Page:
Like a scene from National Geographic Kellen Keisling checks the airwaves for radio signals. "We're tracking desert bighorn sheep," says, Keisling. "It's tricky, you know it looks pretty straight forward. Looks like you can walk right in on them but they are a lot trickier than you might imagine."
In the '70's the Desert Bighorn on the Western Slope disappeared prompting the Division of Wildlife to borrow some from Arizona and transplant them here. "They are one of our top watchable wildlife critters. People like to see them," says, Randy Hampton, D.O.W spokesman.
It's more common to see Desert Bighorn Sheep through binoculars. But every once in a while you get lucky. "We can go all day without seeing anything or I can see several, quite a few sheep, depends on the day." says, Keisling.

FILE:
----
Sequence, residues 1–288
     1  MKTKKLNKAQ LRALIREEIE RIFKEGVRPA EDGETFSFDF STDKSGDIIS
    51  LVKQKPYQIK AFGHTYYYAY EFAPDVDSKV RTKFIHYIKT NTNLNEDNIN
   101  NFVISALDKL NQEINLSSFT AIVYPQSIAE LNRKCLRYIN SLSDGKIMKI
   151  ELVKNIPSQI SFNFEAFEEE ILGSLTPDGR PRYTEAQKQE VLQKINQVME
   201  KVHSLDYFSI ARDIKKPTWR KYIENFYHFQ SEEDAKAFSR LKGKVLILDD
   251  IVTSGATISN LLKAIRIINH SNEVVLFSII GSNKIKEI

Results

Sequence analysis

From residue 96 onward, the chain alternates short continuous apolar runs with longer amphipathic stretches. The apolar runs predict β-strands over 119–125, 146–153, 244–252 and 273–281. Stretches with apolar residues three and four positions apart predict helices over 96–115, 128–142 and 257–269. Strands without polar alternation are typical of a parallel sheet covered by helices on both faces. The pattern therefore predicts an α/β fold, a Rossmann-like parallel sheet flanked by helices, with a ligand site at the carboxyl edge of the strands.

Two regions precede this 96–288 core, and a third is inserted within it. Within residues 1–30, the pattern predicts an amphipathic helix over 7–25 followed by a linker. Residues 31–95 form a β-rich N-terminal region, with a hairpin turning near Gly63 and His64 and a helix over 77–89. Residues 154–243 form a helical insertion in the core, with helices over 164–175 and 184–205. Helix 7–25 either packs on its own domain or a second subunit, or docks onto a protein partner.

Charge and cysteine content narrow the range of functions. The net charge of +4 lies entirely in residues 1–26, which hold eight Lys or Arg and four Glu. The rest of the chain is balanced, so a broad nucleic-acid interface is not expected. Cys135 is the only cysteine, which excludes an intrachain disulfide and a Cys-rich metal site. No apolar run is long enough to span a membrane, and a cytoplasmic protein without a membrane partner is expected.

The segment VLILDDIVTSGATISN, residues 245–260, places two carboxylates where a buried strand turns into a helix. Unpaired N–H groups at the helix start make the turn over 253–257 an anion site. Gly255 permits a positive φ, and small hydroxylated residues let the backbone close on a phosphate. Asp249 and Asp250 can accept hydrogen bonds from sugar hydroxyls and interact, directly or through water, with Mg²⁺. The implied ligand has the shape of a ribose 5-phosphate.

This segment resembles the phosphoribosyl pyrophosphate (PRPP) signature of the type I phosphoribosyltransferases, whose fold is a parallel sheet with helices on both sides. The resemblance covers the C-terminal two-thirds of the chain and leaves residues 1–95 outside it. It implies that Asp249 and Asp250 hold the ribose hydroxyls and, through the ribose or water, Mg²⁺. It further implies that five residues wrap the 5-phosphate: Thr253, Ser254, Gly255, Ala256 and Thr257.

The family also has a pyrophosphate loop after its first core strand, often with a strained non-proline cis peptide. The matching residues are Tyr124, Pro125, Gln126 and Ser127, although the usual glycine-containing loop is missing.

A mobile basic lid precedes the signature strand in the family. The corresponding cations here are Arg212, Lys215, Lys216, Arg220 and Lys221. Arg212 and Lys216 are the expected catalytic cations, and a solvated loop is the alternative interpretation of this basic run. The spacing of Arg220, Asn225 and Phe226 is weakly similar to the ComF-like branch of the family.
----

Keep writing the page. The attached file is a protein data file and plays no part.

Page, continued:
Several weeks ago the D.O.W trapped and collared several sheep. Keisling has been tracking the sheep now for several months, hoping to find out their migration and birthing patterns. Of the three we found today two were females and one was a yearling. Keisling says about their demeanor, "Calm as they are around us we still need to understand that they are wild and they need their space."
The D.O.W pays for the tracking with help from several bighorn foundations as well as the sale of gaming licenses. Hampton says, "People who hunt and fish are taking care of wildlife in Colorado."
There are currently four collared sheep in the Monument, with red, yellow and brown collars. They also have ear tags with different colors as well. If you see a collared sheep in the Monument you can call the Division of Wildlife at 970-255-6100.